Under section 46, a health information custodian is required to disclose without consent, to the Minister of Health, personal health information for the purpose of monitoring or verifying claims for payment for health care in any way funded by the Ministry. While I understand the need to monitor and verify claims for payment, I believe that the commissioner should have oversight over these disclosures.

The rules for "quality of care information" that were in Bill 159 are now set out in a proposed Quality of Care Information Protection Act, 2002, that has been added as a schedule to the draft legislation. [Quality of care information is information collected or prepared by a quality of care committee as part of its role of improving the quality of care provided by a hospital or other institution.] Under subsections 58(1)(a) and 63(1) respectively, an individual is unable to request access to this information or complain about what constitutes quality of care information. The draft legislation justifies this by arguing that this is necessary "to encourage health professionals and institutions to hold frank discussions to improve patient care." Given the potential importance of this information to an individual who believes that he or she, or a relative, has received improper care, denying access rights and the ability to complain about the inclusion of information as quality of care information seems excessive. At a minimum, an individual should be able to complain to the Commissioner about what constitutes quality of care information.

Personal Health Information and Research

Any legislation that applies to personal health information must strike a balance between the individual's control over that information and society's interest in the health research. I believe that the appropriate balance is one that safeguards the genuine interests of the individual while permitting the conduct of legitimate research that uses information in ways that can have no impact on the individuals to whom it pertains.

As I explained in my Annual Report, I intend to interpret broadly the intent of subsection 7(2)(c) of the PIPED Act that allows an organization to use personal information without the knowledge or consent of the individual if it is used for statistical, or scholarly study or research purposes. The Act specifies that, if this information is used without consent, four criteria must be met:

  • the purpose, in this case research, cannot be achieved without using the information;
  • the information is used in a manner that will ensure its confidentiality;
  • it is impracticable to obtain consent; and
  • the organization must inform the Commissioner before the information is used.

The requirement that the information be used in ways that will ensure its confidentiality is of paramount importance. Personal health information can be disclosed and used without consent for heath research, as described above, provided that it remains strictly within the confines of the research project and that it can in no way harm the individual to whom it pertains. This means that under no circumstances whatsoever can the personal health information be disclosed to an individual's employers, insurers, relatives, marketers or other third parties. As well, it means that the individual cannot be contacted by anyone other than his or her own physician or other primary health care provider.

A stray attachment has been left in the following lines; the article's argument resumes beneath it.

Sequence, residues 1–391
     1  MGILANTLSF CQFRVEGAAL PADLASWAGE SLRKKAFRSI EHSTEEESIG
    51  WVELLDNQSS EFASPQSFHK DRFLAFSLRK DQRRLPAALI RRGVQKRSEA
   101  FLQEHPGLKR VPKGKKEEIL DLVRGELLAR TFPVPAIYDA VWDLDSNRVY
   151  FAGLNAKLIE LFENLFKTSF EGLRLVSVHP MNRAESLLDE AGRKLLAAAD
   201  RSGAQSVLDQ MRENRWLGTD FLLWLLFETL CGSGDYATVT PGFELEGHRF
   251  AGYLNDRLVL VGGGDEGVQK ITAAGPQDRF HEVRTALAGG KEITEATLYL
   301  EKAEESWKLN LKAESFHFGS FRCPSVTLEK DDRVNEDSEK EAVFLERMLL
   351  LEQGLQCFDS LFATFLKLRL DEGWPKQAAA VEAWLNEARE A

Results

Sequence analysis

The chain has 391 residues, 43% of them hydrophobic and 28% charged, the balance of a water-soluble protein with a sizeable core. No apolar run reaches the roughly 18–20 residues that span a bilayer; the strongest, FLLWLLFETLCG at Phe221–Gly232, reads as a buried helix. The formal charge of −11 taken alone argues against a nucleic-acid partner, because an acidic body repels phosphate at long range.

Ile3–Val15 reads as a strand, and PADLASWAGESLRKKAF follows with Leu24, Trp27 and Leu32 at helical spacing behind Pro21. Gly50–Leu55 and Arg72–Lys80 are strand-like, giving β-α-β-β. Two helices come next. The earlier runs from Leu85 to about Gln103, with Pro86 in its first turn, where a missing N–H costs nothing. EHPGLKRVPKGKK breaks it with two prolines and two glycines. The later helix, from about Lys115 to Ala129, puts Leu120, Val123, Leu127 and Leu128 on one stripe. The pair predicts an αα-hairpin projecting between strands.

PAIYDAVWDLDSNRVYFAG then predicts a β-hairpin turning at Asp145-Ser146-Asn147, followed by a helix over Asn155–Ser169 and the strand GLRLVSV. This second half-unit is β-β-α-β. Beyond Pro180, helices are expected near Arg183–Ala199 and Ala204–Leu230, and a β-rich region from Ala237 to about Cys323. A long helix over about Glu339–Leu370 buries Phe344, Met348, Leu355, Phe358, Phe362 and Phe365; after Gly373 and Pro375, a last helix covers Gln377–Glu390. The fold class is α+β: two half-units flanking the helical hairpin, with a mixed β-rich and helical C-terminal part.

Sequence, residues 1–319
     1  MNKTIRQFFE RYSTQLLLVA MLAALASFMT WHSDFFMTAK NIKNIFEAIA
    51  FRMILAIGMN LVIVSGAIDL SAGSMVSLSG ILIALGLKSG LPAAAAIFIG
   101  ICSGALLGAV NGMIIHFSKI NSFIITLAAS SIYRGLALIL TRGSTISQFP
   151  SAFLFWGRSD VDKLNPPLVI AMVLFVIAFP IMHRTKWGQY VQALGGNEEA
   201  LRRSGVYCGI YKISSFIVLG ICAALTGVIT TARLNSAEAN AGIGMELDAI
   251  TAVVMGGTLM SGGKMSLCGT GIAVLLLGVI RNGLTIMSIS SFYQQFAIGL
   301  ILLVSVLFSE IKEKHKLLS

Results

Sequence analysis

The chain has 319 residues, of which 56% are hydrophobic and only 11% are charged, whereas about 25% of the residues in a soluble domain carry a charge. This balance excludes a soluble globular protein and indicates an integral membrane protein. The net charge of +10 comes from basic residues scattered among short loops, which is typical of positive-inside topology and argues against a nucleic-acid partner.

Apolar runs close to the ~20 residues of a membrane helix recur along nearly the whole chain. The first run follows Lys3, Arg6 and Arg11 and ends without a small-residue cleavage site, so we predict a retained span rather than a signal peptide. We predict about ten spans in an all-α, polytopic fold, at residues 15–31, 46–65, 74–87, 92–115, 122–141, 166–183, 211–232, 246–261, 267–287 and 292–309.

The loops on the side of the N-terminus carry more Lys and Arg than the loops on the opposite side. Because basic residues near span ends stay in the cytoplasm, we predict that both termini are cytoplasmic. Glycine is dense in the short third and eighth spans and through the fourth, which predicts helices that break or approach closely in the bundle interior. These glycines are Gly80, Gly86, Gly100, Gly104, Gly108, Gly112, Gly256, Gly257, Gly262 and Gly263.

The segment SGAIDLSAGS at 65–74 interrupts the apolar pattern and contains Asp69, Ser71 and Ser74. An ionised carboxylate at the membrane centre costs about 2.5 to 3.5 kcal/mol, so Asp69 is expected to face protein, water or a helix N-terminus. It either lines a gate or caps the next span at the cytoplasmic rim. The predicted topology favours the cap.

The provisions in the draft legislation relating to the use of personal health information for research purposes are an improvement over those in Bill 159. Section 45 allows personal health custodians to disclose personal health information to a researcher without consent provided the project is reviewed and approved by a research ethics board. (Personal health information held by organizations other than health care custodians can be disclosed without consent for "statistical, scientific or scholarly study or research purposes" under rules set out in subsection 33(1)(e). Section 45 lists a number of factors that research ethics boards should take into account in assessing projects, including "whether it is necessary to use personal health information without consent in order to accomplish the objectives of the research."

These rules would be further improved with certain changes:

  • section 45 prevents a researcher from contacting an individual to whom the information relates unless the custodian authorizes the contact. This provision should be tightened to prohibit contact except by a physician or a primary health care provider; and
  • the Commissioner should be informed of the research project, prior to the commencement of the research, to mirror a provision in the PIPED Act and subsection 33(1)(e) in this legislation.

I appreciate the opportunity to provide these comments. I look forward to reviewing the legislation that emerges as a result of this consultation process. Please do not hesitate to contact me if you have any questions concerning my comments.

Yours sincerely,

George Radwanski
Privacy Commissioner of Canada